A persuasive, valuable addition to the ongoing immigration reform debate.

Pub Date: May 1, 2012


Page Count: 249

Publisher: Kurti Publishing

Review Posted Online: Feb. 7, 2012

Kirkus Reviews Issue: March 15, 2012

Did you like this book?

Despite this, Walkley’s beefy prose and rousing action sequences deliver a thriller to satisfy any adrenaline addict.


Walkley pits CIA agents against a maniacal Saudi prince intent on starting World War III in this debut thriller.

Delta Force operative Lee McCloud, aka Mac, finds himself in Mexico, trying to rescue two teenage girls kidnapped by a drug cartel. But things go from bad to worse when the villains don’t play by the rules. Framed for two murders he didn’t commit, Mac has two options: go to prison or go to work for a CIA black-op group run by the devious Wisebaum, who hacks into terrorists’ bank accounts and confiscates millions of dollars. However, there’s more going on than meets the eye; Saudi Prince Khalid is in possession of nuclear canisters, with which he hopes to alter world history. Khalid also dabbles in trafficking young women, and harvesting and selling human organs. When Wisebaum’s black-op team targets Khalid’s father, the action becomes even more intense. With so many interweaving subplots—kidnapped girls, Israeli undercover agents, nuclear weapons and a secret underwater hideout—it could be easy to lose track of what’s going on. But the author’s deft handling of the material ensures that doesn’t occur; subplots are introduced at the appropriate junctures and, by story’s end, all are accounted for and neatly concluded. Mac is portrayed as a rough and ready action-hero, yet his vulnerabilities will evoke empathy in readers. He finds a love interest in Tally, a hacker whose personality is just quirky enough to complement his own. All Walkley’s primary characters are fleshed out and realistic, with the exception of Wisebaum—a malicious, double-dealing, back-stabber of the worst ilk; the reader is left wondering about Wisebaum’s motivations behind such blatant treachery.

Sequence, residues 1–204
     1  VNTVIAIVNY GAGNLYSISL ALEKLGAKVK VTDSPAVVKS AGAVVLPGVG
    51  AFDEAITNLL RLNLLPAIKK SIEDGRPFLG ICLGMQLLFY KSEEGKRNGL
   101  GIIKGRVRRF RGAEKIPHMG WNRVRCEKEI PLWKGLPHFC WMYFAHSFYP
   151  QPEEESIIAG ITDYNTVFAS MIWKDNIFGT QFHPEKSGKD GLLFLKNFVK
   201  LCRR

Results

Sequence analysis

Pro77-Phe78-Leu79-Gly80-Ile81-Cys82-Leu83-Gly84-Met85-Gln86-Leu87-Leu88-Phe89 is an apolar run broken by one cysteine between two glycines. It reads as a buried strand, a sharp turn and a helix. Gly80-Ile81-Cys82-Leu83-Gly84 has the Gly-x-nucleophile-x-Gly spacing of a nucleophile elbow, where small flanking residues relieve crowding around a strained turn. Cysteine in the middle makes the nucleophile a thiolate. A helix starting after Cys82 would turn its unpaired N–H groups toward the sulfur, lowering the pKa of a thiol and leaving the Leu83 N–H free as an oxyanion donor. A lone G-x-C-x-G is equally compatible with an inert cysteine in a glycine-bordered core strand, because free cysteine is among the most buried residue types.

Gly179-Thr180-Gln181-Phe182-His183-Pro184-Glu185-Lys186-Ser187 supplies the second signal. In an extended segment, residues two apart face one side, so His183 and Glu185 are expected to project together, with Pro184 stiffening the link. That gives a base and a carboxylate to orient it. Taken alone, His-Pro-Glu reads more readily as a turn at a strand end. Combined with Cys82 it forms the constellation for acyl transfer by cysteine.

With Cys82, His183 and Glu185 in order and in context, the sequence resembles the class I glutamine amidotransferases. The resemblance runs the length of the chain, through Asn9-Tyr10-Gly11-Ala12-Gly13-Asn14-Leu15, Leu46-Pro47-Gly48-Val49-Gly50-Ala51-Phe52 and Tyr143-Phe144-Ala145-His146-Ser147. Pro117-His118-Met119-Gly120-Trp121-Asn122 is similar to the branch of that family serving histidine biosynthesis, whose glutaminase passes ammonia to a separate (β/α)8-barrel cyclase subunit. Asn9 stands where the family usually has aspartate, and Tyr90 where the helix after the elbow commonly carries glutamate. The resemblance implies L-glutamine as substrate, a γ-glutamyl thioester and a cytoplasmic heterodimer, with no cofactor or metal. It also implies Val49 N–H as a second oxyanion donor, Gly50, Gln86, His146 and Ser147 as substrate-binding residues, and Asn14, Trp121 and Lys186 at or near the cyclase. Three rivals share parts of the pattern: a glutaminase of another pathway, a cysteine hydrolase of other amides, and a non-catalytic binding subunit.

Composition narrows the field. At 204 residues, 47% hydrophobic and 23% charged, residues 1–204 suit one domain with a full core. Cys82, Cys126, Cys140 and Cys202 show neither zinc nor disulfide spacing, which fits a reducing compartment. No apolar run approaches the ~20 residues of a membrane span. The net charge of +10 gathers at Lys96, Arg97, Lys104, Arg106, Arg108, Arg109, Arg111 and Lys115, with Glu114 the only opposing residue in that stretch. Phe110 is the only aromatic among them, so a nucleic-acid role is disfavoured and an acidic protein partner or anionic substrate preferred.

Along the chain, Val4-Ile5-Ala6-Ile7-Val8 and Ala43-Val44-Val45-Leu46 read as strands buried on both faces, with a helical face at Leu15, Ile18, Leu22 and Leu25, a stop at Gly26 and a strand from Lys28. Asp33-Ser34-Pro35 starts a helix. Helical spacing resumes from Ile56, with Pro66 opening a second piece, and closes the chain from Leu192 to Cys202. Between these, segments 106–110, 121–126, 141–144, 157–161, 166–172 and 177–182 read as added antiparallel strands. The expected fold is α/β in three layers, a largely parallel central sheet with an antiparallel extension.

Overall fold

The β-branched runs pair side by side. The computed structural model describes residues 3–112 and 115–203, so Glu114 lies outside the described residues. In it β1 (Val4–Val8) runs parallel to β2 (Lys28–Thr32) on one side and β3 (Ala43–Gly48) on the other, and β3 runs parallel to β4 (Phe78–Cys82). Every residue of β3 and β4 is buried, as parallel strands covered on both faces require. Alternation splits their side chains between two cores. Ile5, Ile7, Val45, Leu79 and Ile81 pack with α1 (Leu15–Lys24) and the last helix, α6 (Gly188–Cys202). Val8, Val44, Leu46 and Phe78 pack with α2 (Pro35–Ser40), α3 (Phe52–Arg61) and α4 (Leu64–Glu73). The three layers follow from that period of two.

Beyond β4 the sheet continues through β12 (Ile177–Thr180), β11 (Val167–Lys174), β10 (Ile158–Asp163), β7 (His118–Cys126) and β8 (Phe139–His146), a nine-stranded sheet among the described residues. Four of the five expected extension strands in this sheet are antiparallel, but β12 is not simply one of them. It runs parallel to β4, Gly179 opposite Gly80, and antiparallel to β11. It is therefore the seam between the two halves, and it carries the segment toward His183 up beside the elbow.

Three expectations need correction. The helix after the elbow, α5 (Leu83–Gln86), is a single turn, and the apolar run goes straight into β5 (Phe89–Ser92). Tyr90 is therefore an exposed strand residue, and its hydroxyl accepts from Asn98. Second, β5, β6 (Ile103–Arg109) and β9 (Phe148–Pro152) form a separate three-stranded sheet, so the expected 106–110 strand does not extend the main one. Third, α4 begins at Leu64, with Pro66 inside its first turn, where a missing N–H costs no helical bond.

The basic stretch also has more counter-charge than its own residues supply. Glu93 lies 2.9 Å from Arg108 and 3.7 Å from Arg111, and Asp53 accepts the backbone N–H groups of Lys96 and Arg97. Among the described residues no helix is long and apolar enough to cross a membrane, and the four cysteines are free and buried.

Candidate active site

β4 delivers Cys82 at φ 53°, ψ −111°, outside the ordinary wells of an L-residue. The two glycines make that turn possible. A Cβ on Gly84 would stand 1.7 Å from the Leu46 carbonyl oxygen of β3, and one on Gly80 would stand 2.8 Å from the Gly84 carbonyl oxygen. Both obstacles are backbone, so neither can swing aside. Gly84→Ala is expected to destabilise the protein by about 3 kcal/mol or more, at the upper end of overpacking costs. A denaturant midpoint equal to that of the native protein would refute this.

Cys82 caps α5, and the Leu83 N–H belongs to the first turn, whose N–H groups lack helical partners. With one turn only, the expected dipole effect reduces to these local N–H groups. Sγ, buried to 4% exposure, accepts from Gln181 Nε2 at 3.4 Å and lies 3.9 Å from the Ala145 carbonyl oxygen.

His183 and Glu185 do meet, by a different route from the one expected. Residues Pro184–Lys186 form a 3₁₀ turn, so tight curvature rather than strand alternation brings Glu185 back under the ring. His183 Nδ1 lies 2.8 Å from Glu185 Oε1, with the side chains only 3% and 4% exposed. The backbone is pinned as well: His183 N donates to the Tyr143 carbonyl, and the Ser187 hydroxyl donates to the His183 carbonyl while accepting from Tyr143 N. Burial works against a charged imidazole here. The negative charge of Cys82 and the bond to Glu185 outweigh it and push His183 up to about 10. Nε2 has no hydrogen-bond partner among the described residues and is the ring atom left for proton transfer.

Despite this, Walkley’s beefy prose and rousing action sequences deliver a thriller to satisfy any adrenaline addict.

Pub Date: Jan. 7, 2012

ISBN: 978-0980806601

Page Count: 412

Publisher: Marq Books

Review Posted Online: March 29, 2012

Did you like this book?